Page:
By Gregory S. ParksIntroduction
Almost a century ago, United States Supreme Court Justice Louis Brandeis articulated an insightful analysis in a Harper’s Weeklyarticle titled What Publicity Can Do. He noted that “[p]ublicity is justly commended as a remedy for social and industrial diseases. Sunlight is said to be the best of disinfectants; electric light the most efficient policeman.” Justice Brandeis’s idea vis-à-vis the virtues of publicity had germinated more than two decades prior when he expressed an interest in writing a companion piece to his article The Right to Privacy. This time, however, he would focus on the duty of publicity. He noted that he had been thinking “about the wickedness of people shielding wrongdoers & passing them off (or at least allowing them to pass themselves off) as honest men.” His proposed remedy was that, “[i]f the broad light of day could be let in upon men’s actions, it would purify them as the sun disinfects.”
Fortunately, we live in an era in which organizations have difficulty keeping their conduct in the dark. The Sarbanes-Oxley Act and whistleblower protection laws amplify the sunlight cast upon organizations. But there are, for a range of reasons, organizations that operate in the shadows—possibly due to the law but certainly due to internal dynamics. A classic example is black Greek-letter organizations (“BGLOs”). These organizations, with their secret rituals and yet public operations, are now more than one century old and have a membership that is a veritable who’s who in black American achievement. In the past few years, several of these organizations have been rocked by scandals about their national presidents engaging in financial malfeasance with organization funds. What is more interesting is that members have had tremendous difficulty addressing these issues. There are, after all, a number of organizational dynamics that might constrain BGLO members from being able to hold their leadership accountable for financial malfeasance. This Article contends that where organizational mechanisms militate against leadership accountability, (quasi) secure social networking sites may be the best hope for (quasi) secret organization members to hold their leaders accountable.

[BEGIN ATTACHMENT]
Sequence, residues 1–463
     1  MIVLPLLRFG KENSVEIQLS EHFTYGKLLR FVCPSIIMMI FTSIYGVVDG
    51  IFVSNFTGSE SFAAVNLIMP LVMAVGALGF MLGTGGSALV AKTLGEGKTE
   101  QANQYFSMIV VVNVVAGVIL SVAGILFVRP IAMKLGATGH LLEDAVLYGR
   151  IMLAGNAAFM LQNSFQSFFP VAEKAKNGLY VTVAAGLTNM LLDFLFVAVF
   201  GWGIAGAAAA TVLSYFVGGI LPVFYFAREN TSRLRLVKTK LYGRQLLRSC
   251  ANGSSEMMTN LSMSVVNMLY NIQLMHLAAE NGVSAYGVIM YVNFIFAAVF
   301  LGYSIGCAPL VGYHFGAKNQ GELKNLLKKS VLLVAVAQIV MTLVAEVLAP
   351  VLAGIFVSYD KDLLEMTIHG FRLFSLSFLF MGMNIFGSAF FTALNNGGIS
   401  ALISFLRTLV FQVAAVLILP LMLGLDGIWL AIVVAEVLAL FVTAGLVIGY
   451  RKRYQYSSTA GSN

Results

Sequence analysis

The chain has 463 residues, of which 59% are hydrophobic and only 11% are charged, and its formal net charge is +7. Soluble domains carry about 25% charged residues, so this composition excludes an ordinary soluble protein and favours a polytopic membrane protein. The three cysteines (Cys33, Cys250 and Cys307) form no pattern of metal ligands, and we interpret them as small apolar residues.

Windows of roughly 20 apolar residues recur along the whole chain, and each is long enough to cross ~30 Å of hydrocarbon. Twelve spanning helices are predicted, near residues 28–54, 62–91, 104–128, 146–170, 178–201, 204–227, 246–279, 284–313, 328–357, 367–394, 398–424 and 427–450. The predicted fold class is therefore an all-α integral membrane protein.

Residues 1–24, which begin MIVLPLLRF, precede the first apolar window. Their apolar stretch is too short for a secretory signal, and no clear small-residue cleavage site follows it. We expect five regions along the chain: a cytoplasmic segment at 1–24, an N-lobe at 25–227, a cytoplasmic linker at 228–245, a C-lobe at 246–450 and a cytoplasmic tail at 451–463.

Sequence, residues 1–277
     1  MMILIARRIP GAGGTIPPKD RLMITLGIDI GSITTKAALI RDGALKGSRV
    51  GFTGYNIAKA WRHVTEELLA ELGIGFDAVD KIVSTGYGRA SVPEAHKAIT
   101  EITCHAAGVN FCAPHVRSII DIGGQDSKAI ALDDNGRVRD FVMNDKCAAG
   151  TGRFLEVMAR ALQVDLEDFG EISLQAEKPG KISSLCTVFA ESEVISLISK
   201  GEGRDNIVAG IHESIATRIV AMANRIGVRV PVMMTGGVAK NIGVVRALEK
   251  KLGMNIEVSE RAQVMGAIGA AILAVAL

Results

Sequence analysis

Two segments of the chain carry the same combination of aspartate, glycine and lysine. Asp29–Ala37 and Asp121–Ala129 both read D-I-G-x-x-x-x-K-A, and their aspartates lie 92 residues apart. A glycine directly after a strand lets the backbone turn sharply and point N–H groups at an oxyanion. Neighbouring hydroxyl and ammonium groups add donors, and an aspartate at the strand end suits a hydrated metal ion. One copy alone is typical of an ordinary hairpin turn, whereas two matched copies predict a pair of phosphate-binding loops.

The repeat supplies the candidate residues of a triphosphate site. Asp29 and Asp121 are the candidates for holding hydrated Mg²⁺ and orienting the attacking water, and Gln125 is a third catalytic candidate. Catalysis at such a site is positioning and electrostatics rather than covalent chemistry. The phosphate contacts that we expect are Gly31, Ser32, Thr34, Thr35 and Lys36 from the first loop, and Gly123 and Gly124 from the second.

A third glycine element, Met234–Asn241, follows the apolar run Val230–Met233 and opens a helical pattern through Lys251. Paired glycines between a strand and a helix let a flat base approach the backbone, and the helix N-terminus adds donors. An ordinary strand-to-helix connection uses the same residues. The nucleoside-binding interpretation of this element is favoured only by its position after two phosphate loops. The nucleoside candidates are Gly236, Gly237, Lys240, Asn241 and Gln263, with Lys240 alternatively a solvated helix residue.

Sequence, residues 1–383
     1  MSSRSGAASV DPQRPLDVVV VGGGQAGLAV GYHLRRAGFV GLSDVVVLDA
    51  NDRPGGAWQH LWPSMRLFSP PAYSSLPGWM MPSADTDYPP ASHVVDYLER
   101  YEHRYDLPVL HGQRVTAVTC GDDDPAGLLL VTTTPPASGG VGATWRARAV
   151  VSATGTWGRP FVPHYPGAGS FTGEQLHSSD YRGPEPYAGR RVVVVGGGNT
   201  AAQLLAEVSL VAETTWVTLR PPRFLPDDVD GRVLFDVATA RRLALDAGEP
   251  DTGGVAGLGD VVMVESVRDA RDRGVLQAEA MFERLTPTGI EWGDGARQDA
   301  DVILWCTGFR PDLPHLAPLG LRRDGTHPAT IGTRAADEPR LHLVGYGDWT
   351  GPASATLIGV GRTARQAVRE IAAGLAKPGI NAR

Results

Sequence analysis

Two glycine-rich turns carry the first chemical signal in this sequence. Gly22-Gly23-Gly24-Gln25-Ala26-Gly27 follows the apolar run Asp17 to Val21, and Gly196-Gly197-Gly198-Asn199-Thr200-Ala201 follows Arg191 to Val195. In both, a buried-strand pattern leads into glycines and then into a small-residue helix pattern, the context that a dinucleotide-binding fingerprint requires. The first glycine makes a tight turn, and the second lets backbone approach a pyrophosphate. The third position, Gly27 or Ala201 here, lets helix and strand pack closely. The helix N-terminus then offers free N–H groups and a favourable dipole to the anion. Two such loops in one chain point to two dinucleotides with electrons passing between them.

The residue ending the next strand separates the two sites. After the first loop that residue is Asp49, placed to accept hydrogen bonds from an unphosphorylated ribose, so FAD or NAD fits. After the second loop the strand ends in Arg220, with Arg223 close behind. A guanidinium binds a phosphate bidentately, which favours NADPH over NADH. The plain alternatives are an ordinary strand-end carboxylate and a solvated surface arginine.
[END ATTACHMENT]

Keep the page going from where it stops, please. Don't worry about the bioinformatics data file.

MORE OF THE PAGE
I. Quasi-Secret Organizations and the Challenge of Leadership Accountability
While business organizations are amenable to leadership accountability, a BGLO’s national president’s financial malfeasance may go relatively unchecked. First, the organization’s national board members may be intimidated by the national president. On the other hand, they may be unwilling to question his or her authority out of tradition or a desire to preserve the power of that office with the hopes that they will someday occupy that seat and the power it holds. While the organization’s general counsel may be in the best position to represent the interests of the organization, he or she is often handpicked by the national president, which makes it more likely that the general counsel will be beholden to and represent the interests of the national president to the detriment of the organization and its members. Second, BGLO members may never learn about the financial malfeasance. Unlike some democratic institutions, within BGLOs there is no free press to ferret out facts for members. Third, BGLOs’ national presidents hold an awesome amount of power within their respective organizations. While each BGLO has a legislative branch (i.e., each member has the power of one vote), members’ representative votes have the greatest effect at national meetings, which might only occur once every two years. In the interim, the national president is at the height of his or her power, often with the ability to be the sole interpreter of the organization’s ultimate authority, the constitution. In addition, there is no judicial branch to check the national president’s authority during the gap between national meetings. Fourth, assuming organization members are aware of financial malfeasance, their voices still may not be heard. The national president or his or her surrogates may shrewdly use procedural maneuvering to thwart members’ efforts to acquire pertinent information during official meetings. Fifth, BGLOs have an antisnitching culture predicated on a belief that anything pertaining to the official or unofficial operations of the organization is secret. As such, to some members, financial malfeasance is just as sacred and secret as their organization’s formal ritual. On the other hand, members may fear that if certain facts were made public about their BGLO, those facts could harm the organization’s brand.